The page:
E-commerce isn’t just for the big, national brands anymore.
Hampton Roads restaurants and retailers have shifted focus to their online, curbside pickup and delivery options, spurred on by the effects of the coronavirus pandemic. They also don’t see this focus going away once the virus subsides.
“What I know and what I think is the right thing to do is expand that to be the primary part of our business,” said Pam Katrancha, owner of the Garden Gazebo gift shops. “Retail is headed in that direction.”
Katrancha’s business, which sells flags, wind chimes and other garden decorations, was caught off guard by the pandemic, like so many others, she said. Her immediate concern was the safety of her employees, she said, and the business closed for a few weeks after Gov. Ralph Northam issued a stay-at-home order. After reopening, she tried to apply for a Paycheck Protection Program small business loan, but ran into difficulties with her bank.
Help came from a national cable channel with a local presence. The shopping channel QVC, which has a call center in Chesapeake, featured Garden Gazebo on its Small Business Spotlight show. After her two-minute segment ran on QVC and HSN, Katrancha said her online business exploded.
“We were just all over the map, and people were just so excited about Garden Gazebo,” she said.
Katrancha plans to renew her focus on her website through the TV program. For two weeks, online shopping experts will help her make the site more user friendly and improve marketing efforts.
E-commerce sales are expected to increase 18% to $710 billion nationally in 2020, according to a July report from the research firm eMarketer. The report expects online sales will reach an all-time-high of 14.5% of total sales for 2020.
National brands in Hampton Roads have already leaned into online shopping, pickup and delivery options. For example, Target shoppers in Hampton Roads can now order same-day grocery pickup from stores in Norfolk, Virginia Beach, Chesapeake, Newport News and Williamsburg. Discount grocer Aldi also offers curbside grocery pickup at Norfolk stores. Customers place an order online, select a pickup time, park in a designated space at the store and an employee loads the groceries into their car.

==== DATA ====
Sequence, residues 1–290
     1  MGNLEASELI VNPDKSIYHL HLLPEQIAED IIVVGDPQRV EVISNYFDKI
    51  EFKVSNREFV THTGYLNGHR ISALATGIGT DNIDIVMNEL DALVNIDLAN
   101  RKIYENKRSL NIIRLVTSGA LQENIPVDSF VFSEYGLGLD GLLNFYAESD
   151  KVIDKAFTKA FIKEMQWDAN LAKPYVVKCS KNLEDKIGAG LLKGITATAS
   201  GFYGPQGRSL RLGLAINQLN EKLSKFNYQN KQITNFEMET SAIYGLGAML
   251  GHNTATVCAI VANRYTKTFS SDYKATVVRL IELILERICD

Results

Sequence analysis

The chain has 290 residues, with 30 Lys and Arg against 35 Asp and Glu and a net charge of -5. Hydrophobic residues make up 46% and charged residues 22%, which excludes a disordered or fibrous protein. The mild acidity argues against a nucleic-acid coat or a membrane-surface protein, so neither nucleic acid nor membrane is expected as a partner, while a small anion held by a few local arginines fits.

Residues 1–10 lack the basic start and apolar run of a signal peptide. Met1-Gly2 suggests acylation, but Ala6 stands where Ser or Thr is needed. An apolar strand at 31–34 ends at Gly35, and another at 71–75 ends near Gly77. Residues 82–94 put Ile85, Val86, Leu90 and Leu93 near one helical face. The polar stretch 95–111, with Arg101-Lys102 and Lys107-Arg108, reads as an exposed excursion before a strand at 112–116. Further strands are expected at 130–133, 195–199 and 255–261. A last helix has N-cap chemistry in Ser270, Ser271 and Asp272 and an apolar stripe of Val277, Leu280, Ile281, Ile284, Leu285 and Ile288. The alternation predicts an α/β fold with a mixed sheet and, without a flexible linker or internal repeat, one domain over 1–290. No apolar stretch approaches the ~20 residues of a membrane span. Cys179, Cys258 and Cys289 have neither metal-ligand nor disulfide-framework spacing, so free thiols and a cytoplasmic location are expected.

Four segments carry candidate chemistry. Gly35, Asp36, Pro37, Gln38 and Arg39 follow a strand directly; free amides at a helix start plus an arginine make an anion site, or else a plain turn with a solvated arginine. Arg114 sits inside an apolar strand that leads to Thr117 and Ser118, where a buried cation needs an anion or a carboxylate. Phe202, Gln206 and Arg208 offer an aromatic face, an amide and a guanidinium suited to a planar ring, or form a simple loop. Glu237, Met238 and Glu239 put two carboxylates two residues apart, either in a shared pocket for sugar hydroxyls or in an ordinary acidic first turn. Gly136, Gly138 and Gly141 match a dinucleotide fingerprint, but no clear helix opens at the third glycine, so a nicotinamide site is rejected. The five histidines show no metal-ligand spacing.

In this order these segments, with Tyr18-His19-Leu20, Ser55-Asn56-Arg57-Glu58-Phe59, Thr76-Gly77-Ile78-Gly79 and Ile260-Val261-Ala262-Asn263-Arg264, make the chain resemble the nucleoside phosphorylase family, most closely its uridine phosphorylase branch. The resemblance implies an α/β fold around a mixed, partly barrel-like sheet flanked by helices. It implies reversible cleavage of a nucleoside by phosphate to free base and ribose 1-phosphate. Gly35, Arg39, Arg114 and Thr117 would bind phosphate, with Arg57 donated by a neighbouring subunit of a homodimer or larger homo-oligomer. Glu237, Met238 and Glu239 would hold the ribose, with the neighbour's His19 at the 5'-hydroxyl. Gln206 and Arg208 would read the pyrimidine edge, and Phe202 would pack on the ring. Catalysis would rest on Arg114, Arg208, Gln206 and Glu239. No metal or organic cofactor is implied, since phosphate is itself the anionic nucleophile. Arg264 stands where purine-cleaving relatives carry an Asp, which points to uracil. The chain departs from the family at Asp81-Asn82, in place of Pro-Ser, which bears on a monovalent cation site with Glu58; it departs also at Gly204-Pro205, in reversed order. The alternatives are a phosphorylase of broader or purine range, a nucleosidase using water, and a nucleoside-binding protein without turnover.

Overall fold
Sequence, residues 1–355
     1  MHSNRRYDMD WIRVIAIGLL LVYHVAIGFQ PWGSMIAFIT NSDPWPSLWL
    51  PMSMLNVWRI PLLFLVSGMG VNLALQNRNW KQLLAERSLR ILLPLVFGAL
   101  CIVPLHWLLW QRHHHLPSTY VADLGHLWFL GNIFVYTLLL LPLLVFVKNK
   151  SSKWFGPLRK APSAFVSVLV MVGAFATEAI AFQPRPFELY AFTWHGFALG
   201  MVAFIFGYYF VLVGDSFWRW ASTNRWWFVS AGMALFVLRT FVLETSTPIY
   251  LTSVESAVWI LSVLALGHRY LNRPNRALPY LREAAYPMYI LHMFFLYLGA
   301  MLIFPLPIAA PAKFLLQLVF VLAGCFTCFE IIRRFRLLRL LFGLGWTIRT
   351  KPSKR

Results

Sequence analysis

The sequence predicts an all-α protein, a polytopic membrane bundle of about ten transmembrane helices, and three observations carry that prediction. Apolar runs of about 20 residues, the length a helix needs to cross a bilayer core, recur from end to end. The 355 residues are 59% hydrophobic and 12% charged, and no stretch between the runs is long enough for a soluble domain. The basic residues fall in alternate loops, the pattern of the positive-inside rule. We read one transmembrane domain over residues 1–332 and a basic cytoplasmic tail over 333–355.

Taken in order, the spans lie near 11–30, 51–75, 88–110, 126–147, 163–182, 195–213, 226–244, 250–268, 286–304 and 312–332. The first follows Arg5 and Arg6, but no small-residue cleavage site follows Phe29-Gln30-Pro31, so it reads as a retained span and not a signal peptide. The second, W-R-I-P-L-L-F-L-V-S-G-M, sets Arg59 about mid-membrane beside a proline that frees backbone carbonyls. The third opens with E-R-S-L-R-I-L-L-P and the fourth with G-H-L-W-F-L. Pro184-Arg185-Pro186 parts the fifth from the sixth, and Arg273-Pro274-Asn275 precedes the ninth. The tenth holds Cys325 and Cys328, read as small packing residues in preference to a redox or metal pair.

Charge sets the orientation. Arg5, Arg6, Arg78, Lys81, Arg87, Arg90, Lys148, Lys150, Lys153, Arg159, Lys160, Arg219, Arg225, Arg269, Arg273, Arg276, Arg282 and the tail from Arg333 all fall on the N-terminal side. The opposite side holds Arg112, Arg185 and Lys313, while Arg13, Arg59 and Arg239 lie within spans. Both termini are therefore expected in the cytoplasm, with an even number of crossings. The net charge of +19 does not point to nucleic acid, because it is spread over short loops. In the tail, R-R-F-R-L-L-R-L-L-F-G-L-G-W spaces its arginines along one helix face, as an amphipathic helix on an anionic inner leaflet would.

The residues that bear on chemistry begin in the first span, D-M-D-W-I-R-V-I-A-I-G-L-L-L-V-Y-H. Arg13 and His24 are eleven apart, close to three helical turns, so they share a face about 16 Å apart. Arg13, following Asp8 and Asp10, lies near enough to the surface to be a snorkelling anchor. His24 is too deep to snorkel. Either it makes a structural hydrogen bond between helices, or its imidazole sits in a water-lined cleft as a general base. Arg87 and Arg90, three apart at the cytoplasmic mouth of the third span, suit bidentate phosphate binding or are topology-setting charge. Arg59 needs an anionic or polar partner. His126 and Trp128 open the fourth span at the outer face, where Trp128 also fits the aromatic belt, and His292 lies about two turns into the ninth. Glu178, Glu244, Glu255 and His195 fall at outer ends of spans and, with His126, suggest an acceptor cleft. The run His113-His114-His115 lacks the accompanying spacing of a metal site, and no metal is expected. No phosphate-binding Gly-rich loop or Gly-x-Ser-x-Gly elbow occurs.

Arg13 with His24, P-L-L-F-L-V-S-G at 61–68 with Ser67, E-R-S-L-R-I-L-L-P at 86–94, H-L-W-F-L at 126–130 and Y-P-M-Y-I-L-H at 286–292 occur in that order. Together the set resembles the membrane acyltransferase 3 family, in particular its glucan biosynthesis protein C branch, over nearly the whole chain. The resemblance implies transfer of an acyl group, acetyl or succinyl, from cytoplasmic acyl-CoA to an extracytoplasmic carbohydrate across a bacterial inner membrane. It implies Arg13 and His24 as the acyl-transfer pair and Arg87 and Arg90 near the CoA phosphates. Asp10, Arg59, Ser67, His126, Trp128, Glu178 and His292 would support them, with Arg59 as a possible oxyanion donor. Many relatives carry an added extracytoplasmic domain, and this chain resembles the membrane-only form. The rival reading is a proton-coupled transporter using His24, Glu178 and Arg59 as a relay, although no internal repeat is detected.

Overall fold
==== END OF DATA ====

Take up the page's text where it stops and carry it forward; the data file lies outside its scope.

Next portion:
Norfolk chicken wing restaurant The Dirty Buffalo is no stranger to pivoting its business model, said spokesman Ryan Lynn. The first iteration of the business was in a small building with counter service and a large focus on carry-out from 2012-16. After the pandemic hit, he said it was fairly easy for the business to switch that focus back — they added to-go beer, wine and cocktails to their online ordering system and began offering in-house local delivery.
“Once we were able to reel everything in, sales have been incredible,” Lynn said.
Katrancha also added curbside pickup for her stores, which are located in MacArthur Center and Pembroke Mall. She’s also delivered several items to local customers.
Both Lynn and Katrancha think the larger focus on e-commerce, pickup and delivery is here to stay for their businesses, even after the effects of the pandemic subside.
“I believe delivery isn’t going anywhere,” Lynn said.
Katrancha had for months held off on redesigning her website due to costs. The pandemic, along with the QVC program, made her realize its potential.
“When you are as busy as you are in the store, you stay focused on what you know how to do well,” she said.
Trevor Metcalfe, 757-222-5345, email@example.com
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